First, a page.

China is quietly exploiting Russia’s rift with the West to expand its inﬂuence in the geopolitical, security, technological, and ﬁnancial domains. Are Russia and its neighbors becoming a testing ground for a new Beijing-centered regional order? Is a Pax Sinica emerging?
For the foreseeable future, Russian-Chinese relations are likely to be closer, and more productive than Russian-American ones. This is not based on emotions, but on national interests.
US and EU sanctions against the Chinese telecoms group have bolstered Sino-Russian co-operation
To avoid becoming part of a Sino-centric power bloc and maintain international equilibrium, which is critically important to Russia’s status and self-image, Moscow must reduce its dependence on China by fostering its relations with other large economic and financial players: primarily European countries, India, and Japan.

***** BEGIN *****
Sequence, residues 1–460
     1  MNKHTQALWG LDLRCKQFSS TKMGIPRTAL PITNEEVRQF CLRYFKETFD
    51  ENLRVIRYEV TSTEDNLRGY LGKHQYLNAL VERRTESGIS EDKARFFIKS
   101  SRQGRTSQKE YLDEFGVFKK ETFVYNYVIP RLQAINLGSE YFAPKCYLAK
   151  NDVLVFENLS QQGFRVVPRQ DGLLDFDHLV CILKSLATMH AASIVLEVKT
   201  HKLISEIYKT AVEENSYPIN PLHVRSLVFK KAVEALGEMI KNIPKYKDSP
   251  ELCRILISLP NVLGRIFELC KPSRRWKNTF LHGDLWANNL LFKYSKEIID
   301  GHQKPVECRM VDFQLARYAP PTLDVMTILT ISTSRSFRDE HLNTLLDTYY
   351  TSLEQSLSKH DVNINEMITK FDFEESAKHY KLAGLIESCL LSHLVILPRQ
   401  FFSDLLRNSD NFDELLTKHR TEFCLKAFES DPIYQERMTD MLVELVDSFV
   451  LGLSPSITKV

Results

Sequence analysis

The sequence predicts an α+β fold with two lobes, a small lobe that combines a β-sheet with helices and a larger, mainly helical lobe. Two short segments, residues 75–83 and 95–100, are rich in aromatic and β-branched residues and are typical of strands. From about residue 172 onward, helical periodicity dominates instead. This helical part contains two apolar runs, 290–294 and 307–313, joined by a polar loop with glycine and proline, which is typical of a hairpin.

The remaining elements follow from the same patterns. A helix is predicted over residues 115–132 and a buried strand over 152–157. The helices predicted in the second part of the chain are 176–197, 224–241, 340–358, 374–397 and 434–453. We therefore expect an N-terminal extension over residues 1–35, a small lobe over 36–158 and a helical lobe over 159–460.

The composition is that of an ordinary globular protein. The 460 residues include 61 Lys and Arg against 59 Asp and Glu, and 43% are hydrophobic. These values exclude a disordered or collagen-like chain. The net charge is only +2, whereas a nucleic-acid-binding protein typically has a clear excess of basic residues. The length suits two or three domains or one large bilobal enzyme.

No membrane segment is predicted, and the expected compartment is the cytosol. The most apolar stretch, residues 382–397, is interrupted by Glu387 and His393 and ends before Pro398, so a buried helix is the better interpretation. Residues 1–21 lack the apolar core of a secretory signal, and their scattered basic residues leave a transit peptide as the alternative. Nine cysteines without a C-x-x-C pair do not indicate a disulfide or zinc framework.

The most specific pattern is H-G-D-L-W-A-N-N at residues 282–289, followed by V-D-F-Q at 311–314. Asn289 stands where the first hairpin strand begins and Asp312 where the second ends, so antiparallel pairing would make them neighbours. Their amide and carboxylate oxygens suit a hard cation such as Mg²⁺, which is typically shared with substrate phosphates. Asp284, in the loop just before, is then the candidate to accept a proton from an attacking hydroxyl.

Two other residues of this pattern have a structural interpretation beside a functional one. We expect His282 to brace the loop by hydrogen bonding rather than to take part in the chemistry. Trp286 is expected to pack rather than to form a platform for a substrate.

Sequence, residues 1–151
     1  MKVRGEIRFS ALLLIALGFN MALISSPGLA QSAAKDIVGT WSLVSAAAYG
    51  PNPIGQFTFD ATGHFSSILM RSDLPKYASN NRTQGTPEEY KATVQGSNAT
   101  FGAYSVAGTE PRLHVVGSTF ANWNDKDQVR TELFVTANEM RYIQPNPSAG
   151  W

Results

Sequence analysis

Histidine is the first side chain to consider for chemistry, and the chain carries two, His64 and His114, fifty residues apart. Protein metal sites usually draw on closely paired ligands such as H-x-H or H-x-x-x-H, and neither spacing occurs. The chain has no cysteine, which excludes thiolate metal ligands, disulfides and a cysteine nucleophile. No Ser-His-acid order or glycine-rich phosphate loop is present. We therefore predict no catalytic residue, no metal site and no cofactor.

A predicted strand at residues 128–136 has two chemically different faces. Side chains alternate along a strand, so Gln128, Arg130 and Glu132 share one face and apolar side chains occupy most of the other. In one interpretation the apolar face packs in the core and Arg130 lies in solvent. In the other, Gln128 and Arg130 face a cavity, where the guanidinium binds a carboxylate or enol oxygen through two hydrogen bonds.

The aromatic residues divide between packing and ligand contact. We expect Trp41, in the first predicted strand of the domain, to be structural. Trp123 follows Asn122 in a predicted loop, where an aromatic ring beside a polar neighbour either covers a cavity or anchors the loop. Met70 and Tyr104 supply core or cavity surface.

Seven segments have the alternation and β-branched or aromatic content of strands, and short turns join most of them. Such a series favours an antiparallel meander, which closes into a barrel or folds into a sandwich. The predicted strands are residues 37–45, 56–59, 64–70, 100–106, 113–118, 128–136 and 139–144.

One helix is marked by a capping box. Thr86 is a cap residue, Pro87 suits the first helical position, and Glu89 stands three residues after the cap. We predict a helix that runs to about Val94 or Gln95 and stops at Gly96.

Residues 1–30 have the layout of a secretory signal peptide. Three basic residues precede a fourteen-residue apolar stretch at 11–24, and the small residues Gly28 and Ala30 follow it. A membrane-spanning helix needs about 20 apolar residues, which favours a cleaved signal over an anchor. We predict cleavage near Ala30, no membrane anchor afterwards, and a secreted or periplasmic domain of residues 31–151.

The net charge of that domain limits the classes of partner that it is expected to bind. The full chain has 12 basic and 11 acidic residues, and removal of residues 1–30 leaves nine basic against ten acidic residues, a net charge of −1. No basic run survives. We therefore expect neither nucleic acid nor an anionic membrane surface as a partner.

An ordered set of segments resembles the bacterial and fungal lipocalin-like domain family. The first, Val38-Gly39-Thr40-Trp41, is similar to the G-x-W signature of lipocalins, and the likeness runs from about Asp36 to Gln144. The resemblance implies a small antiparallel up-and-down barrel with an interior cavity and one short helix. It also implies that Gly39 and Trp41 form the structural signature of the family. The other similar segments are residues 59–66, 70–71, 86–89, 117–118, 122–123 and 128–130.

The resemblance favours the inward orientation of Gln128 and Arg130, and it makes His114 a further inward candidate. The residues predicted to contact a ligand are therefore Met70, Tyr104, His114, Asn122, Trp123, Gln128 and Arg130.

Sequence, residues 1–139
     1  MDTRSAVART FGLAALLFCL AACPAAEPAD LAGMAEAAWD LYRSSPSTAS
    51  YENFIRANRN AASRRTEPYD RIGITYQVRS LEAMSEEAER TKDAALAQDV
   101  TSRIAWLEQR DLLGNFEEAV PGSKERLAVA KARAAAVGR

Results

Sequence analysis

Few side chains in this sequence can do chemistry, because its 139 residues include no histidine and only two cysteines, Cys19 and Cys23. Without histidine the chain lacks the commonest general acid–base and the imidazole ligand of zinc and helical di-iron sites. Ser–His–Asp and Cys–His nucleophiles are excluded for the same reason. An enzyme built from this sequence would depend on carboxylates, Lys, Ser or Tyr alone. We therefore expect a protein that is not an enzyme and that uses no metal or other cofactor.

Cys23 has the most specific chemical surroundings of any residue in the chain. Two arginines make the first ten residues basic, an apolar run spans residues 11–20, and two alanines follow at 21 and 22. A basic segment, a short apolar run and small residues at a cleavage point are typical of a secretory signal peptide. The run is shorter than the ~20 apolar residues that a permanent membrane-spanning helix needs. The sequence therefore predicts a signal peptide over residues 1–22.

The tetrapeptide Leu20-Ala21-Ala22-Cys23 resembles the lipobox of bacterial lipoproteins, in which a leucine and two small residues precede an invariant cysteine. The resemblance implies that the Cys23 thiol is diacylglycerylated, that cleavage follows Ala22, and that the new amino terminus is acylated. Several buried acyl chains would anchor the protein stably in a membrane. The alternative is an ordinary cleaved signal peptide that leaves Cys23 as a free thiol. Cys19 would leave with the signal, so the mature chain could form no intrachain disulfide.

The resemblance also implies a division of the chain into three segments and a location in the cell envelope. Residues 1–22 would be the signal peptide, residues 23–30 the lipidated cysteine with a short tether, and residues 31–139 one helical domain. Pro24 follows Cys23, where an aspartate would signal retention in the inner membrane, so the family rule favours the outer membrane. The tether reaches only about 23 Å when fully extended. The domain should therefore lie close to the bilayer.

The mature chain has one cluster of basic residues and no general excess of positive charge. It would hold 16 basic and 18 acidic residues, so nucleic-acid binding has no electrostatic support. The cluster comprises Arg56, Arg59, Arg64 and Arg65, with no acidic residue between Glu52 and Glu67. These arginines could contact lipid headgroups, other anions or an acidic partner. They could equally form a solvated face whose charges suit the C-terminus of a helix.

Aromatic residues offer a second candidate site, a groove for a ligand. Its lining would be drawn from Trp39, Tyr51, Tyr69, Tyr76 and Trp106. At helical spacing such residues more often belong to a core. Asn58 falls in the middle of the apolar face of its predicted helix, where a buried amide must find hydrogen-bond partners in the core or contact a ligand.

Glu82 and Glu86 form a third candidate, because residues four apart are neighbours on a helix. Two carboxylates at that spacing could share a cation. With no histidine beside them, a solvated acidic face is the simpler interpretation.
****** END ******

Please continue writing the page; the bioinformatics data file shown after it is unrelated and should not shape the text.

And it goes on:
Despite border closures, Russia and others may be pushed even closer to Beijing.
The coronavirus pandemic has prompted renewed global debate over the use of technology to monitor and protect the public. Host Alex Gabuev is joined by Leonid Kovachich, Paul Stronski, and Steven Feldstein.
Alex Gabuev talks to Ivan Zuenko, an expert on the Sino-Russian relationship, about the real scale of the Chinese presence in Russia’s Far East.
China and Russia act in accordance with their own interests, which are not always identical. For the time being, the creation of a Russo-Chinese military alliance isn’t a viable idea, and cooperation between China and Russia in the Arctic is exclusively economic.
China is gradually laying down the foundations for the construction of a Pax Sinica in Central Asia. This is particularly successful in certain sectors of the economy, but Beijing’s policy has come up against constraints, both within Central Asia and outside of it.
Chinese investment in Russia’s Far East is precisely what it should be given the current level of the region’s development. Most of the Far East is more focused on obtaining subsidies from Moscow than foreign investment.
In an increasingly crowded, chaotic, and contested world and marketplace of ideas, Carnegie offers decisionmakers global, independent, and strategic insight and innovative ideas that advance international peace. Join our mailing list to become part of our network of more than 140 scholars in 20 countries and six global centers.